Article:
Wednesday, September 24, 2014

Using Technology to Aid At-Risk Students

In ʺUsing Technology to Support At-Risk Students' Learning,ʺ a review of more than 70 research studies, the Alliance for Excellent Education and the Stanford Center for Opportunity Policy in Education offer some ideas. The report's main takeaways for how technology can benefit at-risk students: focus on interactive learning and student creation, rather than rote memorization and testing, and provide a combination of teachers and technology, rather than using programs to replace in-person instruction. As Bob Wise, president of the Alliance for Excellent Education, explains, ʺReplacing teachers with technology is not a successful formulaʺ--rather, districts must make a plan for how technology can assist educators before bringing it into the classroom.

Read the article Using Technology to Aid At-Risk Students

Teaching Roundtable Small Flips: Small Steps in Flipping of a Class

Flipped classrooms have received attention in educational articles, but flipping an entire course can seem daunting. This lunchtime discussion will cover strategies for small steps in trying out flipping, including a day’s worth of activities or parts of a course. The pros and cons of flipping will also be discussed as well as the relationship between flipped classroom and blended learning.


Read more articles...
Bloom's Taxonomy Flipped
Flipping the Classroom
Southern Blend
What is a Flipped Classroom? (You're probably already doing this!)
Four Things I Wish I'd Known about the Flipped Classroom
Microflipping: A Modest Twist about the Flipped Classroom
7 Things You Should Read about Flipped Classrooms
6 Myths of the Flipped Classroom

Wednesday, September 17, 2014

The Surprising Secret to Better Student Recall

Last spring, a new study showed that students who took notes in longhand did substantially better on conceptual questions than those who took notes on a laptop. The results were, perhaps, not that surprising—until you consider that the laptops in the study had Internet access disabled.

It wasn’t that the laptop note-takers were more distracted. That may indeed be a valid concern with personal technology in the classroom, but it was not what Pam Mueller of Princeton University and Daniel Oppenheimer of the University of California at Los Angeles set out to measure. Rather, their study suggests there are real differences between the utility of taking notes by hand and on a computer.

When students take notes on a laptop, the study concluded, the ease of data entry makes them more likely to transcribe everything the professor is saying. Students who take notes in longhand, in contrast, cannot write fast enough to get everything down and so must be selective. It is precisely that process—of summarizing, thinking about what’s most important, predicting what might be useful down the road—that helps those who take notes on paper. Students who use laptops end up with neater, more easily searchable notes, but they may be denying themselves the opportunity to do the upfront processing that is a crucial factor, it seems, in long-term retention of class material.

Read the article...

Faculty Forum "In Search of the Aryan Seed: Intimate Labor and Affective Economies"

Come listen to Mona Bhan (Sociology/Anthropology) discuss her research on the Brogpas, a minority ethnic community trying to situate itself in the complex mix of race, religion and nationalism of modern India.


Wednesday, September 10, 2014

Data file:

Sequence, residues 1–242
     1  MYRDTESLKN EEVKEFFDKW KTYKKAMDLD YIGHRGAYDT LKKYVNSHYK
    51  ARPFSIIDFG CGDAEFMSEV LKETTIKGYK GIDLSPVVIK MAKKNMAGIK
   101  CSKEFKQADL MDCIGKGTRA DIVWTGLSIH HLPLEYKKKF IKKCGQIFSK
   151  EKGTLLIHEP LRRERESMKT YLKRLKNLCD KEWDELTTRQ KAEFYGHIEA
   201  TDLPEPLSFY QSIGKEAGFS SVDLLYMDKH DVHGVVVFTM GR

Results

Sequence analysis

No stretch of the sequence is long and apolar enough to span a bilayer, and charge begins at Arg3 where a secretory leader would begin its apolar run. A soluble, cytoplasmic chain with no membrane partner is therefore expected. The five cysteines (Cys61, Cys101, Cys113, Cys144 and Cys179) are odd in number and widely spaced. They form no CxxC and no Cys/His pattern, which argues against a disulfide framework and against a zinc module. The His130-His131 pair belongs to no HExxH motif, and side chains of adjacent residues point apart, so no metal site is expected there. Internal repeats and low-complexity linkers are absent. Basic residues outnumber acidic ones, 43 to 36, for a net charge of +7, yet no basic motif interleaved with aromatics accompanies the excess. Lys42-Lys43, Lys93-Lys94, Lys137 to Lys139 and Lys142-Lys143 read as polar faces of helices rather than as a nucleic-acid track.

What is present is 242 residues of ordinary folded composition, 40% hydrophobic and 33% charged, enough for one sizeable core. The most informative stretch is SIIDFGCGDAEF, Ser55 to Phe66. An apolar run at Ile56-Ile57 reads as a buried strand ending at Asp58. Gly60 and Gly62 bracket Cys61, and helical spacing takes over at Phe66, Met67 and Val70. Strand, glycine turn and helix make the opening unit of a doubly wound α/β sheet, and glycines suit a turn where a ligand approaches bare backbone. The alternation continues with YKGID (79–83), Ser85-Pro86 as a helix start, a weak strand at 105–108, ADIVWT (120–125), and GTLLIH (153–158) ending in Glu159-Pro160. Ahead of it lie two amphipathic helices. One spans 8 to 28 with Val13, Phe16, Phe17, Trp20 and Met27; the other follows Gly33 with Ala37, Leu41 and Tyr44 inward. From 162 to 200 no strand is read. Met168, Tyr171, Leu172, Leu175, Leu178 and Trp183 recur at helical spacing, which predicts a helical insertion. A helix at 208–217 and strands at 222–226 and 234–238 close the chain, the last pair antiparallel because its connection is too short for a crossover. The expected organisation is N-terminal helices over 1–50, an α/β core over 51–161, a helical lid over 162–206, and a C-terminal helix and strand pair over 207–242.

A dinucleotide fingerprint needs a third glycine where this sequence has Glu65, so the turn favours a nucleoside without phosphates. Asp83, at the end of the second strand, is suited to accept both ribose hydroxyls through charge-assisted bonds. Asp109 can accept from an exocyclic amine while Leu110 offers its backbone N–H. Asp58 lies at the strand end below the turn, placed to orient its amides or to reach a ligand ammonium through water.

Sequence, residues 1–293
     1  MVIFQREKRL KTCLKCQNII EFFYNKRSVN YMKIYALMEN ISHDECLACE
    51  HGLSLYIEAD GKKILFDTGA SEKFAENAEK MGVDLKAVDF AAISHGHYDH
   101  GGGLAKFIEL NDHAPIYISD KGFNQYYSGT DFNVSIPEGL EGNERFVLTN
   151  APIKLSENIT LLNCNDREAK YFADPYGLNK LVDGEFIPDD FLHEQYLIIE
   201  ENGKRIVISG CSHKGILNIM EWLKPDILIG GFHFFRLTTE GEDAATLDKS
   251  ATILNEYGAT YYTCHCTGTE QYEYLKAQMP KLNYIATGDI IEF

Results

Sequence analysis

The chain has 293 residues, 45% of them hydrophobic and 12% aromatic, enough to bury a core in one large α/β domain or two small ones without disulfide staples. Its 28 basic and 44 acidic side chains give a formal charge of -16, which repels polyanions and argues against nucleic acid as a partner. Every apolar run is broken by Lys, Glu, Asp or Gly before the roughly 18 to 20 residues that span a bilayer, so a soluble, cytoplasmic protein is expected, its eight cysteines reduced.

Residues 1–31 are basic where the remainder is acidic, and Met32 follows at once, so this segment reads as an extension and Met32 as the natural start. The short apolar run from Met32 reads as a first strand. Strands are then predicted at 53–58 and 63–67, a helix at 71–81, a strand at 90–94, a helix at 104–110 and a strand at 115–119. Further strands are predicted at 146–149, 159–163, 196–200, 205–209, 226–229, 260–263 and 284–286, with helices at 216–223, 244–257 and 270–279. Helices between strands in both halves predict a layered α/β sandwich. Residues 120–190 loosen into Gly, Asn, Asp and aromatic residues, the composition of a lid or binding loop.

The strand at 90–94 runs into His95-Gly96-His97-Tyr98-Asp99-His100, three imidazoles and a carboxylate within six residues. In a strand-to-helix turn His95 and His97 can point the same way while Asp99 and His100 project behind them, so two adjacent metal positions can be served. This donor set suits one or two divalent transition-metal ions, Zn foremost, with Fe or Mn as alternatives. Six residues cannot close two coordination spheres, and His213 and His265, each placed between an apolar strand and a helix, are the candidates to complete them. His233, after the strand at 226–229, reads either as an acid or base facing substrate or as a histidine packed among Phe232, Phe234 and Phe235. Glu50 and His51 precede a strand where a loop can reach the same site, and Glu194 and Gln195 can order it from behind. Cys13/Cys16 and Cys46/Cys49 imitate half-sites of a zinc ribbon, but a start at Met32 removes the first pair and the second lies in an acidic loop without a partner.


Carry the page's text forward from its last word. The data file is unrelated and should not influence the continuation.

Professional Development Roundtable Scholarly Publishing and DePauw's Open Access Policy

The DePauw faculty approved an open access policy last spring. What does that mean for you and how does it work? Join Rick Provine and Bruce Sanders from the Libraries for some information about open access, the process and our policy.


Top Colleges that Enroll Rich, Middle Class and Poor

New York Times analysis of the colleges that do the most to attract and support middle class and poor students.

Read the article...

The Case for Conversational Writing

As the author argues, ʺThis discussion is actually part of a larger debate about what constitutes good writing. I always tell my first-year composition students, when I’m trying to correct all the misconceptions about writing they’ve picked up in high school—you can’t use personal pronouns or start a sentence with a conjunction, etc.—that the only reasonable standard for good writing is what good writers actually do. How many of our best nonfiction writers, the ones who are widely read and have a genuine impact, write in an academic style? Virtually none.ʺ

Read the article...

Want to Take Group work to the Next Level? Give Team Tests.

Short Chronicle of Higher Education piece about the benefits of ʺteam-based learningʺ and team test-taking.

Read the article...

Thursday, September 4, 2014

Teaching Roundtable Collaborative Writing in the Classroom

This session will demonstrate and discuss how collaborative documents online can help students develop their writing skills, provide peer reviews, and incorporate instructor feedback. Bring your writing-class challenges for discussion.

Writing-intensive courses provide opportunities for students to practice writing as well as sharing it with others. Collaborative writing spaces are one avenue through which students can develop writing skills. This session will demonstrate and discuss how collaborative documents online can help students develop their individual skills through small group writing assignments. Moreover, online documents can facilitate feedback within a text from peers and the professor, including the new suggestion feature within Google Drive. Faculty members are encouraged to bring their writing-class challenges for discussion.

Staging Encounters: Assessing the Performance of Context in Students’ Multimodal Writing. Read the article here (access on campus only).

Perelman, Foucault, and Social Networking: How Facebook and Audience Perception Can Spark Critical Thinking in the Composition Classrooms. Read the article here.


Tuesday, September 2, 2014

When Whites Just Don't Get It